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Biochemistry. 2008 Jul 15;47(28):7452-64. doi: 10.1021/bi702525z. Epub 2008 Jun 19.

Molecular epitopes of the ankyrin-spectrin interaction.

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  • 1Department of Biochemistry, Molecular Biology, and Cell Biology, Northwestern University, Evanston, Illinois 60208, USA.

Abstract

Isoforms of ankyrin and its binding partner spectrin are responsible for a number of interactions in a variety of human cells. Conflicting evidence, however, had identified two different, non-overlapping human erythroid ankyrin subdomains, Zu5 and 272, as the minimum binding region for beta-spectrin. Complementary studies on the ankyrin-binding domain of spectrin have been somewhat more conclusive yet have not presented binding in terms of well-phased, integral numbers of spectrin repeats. Thus, the objective of this study was to clearly define and characterize the minimal ankyrin-spectrin binding epitopes. Circular dichroism (CD) wavelength spectra of the aforementioned ankyrin subdomains show that these fragments are 30-60% unstructured. In contrast, human erythroid beta-spectrin repeats 13, 14, 15, and 16 (prepared in all combinations of two adjacent repeats) demonstrated proper folding and stability as determined by CD and tryptophan wavelength and heat denaturation scans. Native polyacrylamide gel electrophoresis (PAGE) gel shifts as well as affinity pull-down assays implicated Zu5 and beta-spectrin repeats 14-15 as the minimum binding epitopes. These results were confirmed by analytical ultracentrifugation to sedimentation equilibrium by which a 1:1 complex was obtained if and only if Zu5 was mixed with beta-spectrin constructs containing repeats 14 and 15 in tandem. Surface plasmon resonance yielded a K D of 15.2 nM for binding of beta-spectrin fragments to the ankyrin subdomain Zu5, accounting for all of the binding observed between the intact molecules. Collectively, these results show the 14th and 15th beta-spectrin repeats comprise the minimal, phased region of beta-spectrin, which binds ankyrin at the Zu5 subdomain with high affinity.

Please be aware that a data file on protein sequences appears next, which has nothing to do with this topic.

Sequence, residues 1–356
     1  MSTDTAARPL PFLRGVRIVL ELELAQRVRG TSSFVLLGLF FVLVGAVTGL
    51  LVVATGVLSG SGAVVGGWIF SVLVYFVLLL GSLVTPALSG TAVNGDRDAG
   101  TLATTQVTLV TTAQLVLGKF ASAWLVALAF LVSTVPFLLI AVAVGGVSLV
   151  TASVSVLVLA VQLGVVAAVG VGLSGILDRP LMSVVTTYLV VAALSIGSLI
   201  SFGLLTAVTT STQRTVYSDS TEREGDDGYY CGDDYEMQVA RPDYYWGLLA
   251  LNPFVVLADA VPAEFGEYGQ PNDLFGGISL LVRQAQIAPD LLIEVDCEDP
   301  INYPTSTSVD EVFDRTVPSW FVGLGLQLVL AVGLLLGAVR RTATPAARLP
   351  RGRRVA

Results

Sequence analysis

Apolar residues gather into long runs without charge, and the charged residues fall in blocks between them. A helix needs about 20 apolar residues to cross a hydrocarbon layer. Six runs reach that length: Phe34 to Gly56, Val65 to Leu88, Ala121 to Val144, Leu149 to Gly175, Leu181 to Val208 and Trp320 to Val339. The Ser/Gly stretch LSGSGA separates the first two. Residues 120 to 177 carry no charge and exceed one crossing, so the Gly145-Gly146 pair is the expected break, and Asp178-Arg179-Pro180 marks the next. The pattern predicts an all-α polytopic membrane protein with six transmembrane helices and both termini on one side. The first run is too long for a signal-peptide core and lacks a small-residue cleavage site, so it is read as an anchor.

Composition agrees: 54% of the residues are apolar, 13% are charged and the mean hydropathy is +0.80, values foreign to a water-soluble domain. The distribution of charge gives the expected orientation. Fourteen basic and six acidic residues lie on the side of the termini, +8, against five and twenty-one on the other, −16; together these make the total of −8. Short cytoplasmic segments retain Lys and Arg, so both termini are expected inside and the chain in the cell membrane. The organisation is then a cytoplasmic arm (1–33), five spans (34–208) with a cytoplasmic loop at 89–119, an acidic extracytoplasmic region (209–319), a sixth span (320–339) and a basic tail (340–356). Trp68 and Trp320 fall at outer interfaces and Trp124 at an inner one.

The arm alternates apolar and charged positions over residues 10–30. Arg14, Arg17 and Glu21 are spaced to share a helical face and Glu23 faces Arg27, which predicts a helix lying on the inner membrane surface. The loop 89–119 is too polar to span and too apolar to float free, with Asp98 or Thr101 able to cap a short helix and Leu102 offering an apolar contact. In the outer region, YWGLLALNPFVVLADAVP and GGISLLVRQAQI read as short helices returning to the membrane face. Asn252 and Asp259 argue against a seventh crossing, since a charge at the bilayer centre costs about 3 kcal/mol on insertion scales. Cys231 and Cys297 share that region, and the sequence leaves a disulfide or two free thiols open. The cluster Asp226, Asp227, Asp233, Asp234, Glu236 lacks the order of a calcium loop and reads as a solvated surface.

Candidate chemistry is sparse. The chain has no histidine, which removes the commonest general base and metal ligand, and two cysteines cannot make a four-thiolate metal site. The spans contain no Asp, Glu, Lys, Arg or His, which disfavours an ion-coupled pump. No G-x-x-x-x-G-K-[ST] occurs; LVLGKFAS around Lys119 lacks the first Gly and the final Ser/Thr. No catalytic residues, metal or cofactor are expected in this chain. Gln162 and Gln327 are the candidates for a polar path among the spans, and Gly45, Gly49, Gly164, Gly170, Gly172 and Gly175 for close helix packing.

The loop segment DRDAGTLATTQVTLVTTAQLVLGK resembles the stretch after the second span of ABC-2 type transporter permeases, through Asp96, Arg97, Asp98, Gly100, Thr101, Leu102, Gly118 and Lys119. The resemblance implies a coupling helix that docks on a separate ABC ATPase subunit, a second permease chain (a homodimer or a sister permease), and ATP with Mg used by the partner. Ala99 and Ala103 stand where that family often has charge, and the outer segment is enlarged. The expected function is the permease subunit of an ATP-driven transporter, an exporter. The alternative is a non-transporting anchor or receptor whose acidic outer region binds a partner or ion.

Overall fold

PMID:
18563915
[PubMed - indexed for MEDLINE]
PMCID:
PMC3280509
Free PMC Article

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